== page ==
Are you a giver or a taker?

Hi – another one of my musings. Let me know if you read this as I’m pretty sure I’m writing to myself most of the time. If you like this then please do help to spread the word!

I’m fascinated by how people manage (or don’t) to strike that balance between helping others and helping themselves. There’s no doubt that helping people has benefitted me in my career. Numerous contacts, friendships & professional relationships as well as involvement in surprise initiatives that would never have come about if I’d not helped or assisted someone else with whatever mattered to them. But sometimes I get the sense that maybe, not everyone is operating on the same page. Maybe some people aren’t as interested in returning favours, or *shudder* are actually out to get what they can at the expense of others.

Adam Grant, an organisational psychologist and professor at Wharton, has an interesting take on the reciprocity of people in the typical workplace. Grant divides people up into 3 categories.

  • Takers– Takers are focused on themselves. They’re interested only in what they can get out of a situation and try to gain as much ground for as little reciprocal help as possible.
  • Matchers– Matchers like it equal. They’ll help you if you help them. They’ll take from you if you take from them.
  • Givers– Givers are focused on others. They love to help other people and don’t expect anything in return. They want to add value to others and don’t expect the favour to be returned.  The act of helping is enough for them.

Most people tend to be matchers. They respond to fairness and expect people to be fair to them.Takers are less represented but also have less willingness to identify themselves as takers as most people see such behaviour as undesirable and once rumbled, a taker tends to fare poorly.

So which one should you be? If you indeed can choose your inherently natural behaviour.

Grant’s studies have shown that takers, matchers & givers inhabit very distinct zones of the workplace success scaleTakers & matchers are bang in the middle, so givers must be at the top, right? After all, givers build great networks, relationships and add value to the mission of their organisation. Well that’s correct, givers are indeed right at the top of the success scale – but they’re also right at the bottom.

How can that be? Can being super-helpful be detrimental to your career? Well turns out there are two distinct types of giver – the “Selfless Giver” and the “Otherish Giver”.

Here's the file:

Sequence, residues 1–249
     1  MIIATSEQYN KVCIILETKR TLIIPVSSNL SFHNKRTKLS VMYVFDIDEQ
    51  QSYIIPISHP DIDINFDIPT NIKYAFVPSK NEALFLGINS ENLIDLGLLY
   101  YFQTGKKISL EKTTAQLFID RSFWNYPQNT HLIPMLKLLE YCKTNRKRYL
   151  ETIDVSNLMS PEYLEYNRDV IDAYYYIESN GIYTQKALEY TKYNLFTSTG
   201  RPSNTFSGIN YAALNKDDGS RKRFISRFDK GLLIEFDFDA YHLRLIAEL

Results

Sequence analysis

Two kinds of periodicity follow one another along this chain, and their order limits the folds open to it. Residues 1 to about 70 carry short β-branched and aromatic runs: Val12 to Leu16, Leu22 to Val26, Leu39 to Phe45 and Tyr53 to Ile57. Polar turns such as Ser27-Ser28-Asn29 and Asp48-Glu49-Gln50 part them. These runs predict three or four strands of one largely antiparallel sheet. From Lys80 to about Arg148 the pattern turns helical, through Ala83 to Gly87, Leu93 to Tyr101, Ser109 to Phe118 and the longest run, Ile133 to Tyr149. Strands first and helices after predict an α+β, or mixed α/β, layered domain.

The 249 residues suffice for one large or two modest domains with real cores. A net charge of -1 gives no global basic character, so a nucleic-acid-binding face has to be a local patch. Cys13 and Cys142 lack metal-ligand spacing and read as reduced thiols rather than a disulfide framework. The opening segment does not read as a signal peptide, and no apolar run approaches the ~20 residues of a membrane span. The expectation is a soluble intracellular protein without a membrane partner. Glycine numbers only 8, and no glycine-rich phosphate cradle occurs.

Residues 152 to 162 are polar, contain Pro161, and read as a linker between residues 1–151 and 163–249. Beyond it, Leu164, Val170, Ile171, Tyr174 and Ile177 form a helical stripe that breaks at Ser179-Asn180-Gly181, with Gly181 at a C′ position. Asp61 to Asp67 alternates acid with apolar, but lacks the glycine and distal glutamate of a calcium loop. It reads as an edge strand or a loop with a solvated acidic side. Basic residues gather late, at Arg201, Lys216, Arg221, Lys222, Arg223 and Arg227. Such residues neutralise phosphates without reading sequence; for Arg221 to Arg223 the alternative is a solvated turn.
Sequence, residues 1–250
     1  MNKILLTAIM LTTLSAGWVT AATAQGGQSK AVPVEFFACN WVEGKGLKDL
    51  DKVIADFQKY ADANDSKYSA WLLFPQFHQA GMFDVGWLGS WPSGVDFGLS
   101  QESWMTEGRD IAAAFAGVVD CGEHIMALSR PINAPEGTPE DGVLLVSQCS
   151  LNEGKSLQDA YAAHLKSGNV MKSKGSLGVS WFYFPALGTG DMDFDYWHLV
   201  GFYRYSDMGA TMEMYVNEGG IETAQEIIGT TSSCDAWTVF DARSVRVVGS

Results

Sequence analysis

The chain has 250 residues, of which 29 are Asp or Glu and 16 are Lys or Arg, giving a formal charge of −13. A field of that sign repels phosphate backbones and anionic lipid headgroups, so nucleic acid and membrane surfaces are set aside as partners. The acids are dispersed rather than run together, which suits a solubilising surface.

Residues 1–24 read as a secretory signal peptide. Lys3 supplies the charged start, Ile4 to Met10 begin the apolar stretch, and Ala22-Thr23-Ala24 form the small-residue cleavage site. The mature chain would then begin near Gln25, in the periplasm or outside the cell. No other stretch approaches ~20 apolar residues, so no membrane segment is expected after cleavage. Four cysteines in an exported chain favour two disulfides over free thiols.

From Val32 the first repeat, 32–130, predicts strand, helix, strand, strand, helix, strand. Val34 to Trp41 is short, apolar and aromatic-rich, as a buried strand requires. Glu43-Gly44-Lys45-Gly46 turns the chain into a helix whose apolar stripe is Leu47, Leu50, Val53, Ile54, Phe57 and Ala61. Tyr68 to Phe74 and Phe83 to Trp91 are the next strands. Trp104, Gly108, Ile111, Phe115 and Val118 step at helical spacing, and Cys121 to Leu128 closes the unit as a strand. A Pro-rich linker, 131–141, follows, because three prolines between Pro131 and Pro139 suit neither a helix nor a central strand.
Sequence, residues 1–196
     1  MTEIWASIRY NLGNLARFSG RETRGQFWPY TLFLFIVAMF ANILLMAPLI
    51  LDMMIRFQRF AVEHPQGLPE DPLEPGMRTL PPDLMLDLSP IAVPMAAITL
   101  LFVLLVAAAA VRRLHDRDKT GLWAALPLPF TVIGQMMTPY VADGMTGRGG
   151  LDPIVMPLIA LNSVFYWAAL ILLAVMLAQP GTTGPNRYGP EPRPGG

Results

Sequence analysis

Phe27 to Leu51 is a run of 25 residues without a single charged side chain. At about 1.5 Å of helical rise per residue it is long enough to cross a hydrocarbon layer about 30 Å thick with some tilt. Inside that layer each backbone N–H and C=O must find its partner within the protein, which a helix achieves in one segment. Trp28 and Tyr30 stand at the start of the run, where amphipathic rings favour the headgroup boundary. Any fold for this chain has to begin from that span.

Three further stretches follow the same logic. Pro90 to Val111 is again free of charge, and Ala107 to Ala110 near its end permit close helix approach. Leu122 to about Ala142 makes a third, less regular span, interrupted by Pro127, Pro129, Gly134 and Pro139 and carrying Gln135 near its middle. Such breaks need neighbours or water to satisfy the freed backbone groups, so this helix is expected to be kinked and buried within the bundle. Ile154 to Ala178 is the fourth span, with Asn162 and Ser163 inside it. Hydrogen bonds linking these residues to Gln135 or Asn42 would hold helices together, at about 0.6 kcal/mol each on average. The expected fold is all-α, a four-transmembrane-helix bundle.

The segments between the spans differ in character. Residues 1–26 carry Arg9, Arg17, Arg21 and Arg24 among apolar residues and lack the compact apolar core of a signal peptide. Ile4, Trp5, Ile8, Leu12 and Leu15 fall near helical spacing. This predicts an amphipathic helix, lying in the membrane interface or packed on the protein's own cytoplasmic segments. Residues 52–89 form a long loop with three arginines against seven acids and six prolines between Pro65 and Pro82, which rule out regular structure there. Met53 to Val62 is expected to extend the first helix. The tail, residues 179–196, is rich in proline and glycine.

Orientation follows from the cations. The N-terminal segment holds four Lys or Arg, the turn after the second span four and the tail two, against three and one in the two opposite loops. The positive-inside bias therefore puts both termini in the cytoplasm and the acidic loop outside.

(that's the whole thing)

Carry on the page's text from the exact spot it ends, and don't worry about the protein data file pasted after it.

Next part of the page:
Selfless Givers are all about the giving. They’ll help others regardless of their own situation or workload. They rarely say no. And what happens? They end up helping others to the detriment of their own work. Suddenly they’ve been too busy helping others to meet their own deadlines. Selfless givers are also prime prey for takers, who know how to exploit their generosity,

Otherish Givers help loads as well but crucially have a key difference. They set boundaries, so that they will say no to helping if say that deadline is pressing, or they’re busy on crucial projects. They also understand how to recognise and respond to the takers, so don’t get exploited.

I’ve seen both throughout my career. And I’ve managed to make my own transition from selfless giver to otherish giver, which has helped me progress, without compromising my willingness to help people.

Grant suggests a number of ways to proactive being a successful (otherish) giver.

  1. Use 5 minute favours – lots of quick gestures of help is a great way of strengthening relationships, without costing yourself too much time
  2. Ask for help – Asking for advice gives the recipient a warm feeling, and is a great relationship builder.
  3. Give all at once – Grant suggests devoting a block of time to a bunch of giving acts, “chunking” your giving. There’s psychological evidence that this provides the most mental benefit.
  4. Specialise – Pick an area of expertise rather than trying to be a jack of all trades.
  5. Learn to spot the takers – Spot those on the take, and apply more of a matchers attitude to them. That way you can still help, but make sure you get something in return.

I hope that helps. I found my understanding of the workplace dynamic went through the roof once I learned to recognise these reciprocity traits in clients, peers and reports. And as a result I was able to focus my own giving to be more effective.

It’s worth checking Grant’s TED talk as well as his excellent book, Give and Take. See references section below.

And I always like to refer to Tanmay Vora’s sketchnotes for a visual summary.

TiffaniBovaAdamGrantv1600px_thumb

 

References

Adam Grant TED talk – https://www.ted.com/talks/adam_grant_are_you_a_giver_or_a_taker?language=en

Give and Take – https://www.amazon.co.uk/Give-Take-Helping-Others-Success/dp/1780224729

Interview with Adam Grant on the Tiffani Bova podcast – https://podbay.fm/podcast/1262213009/e/1530788400

Tanmay Vora’s summary – http://qaspire.com/2019/02/05/the-art-of-successful-giving-adam-grant/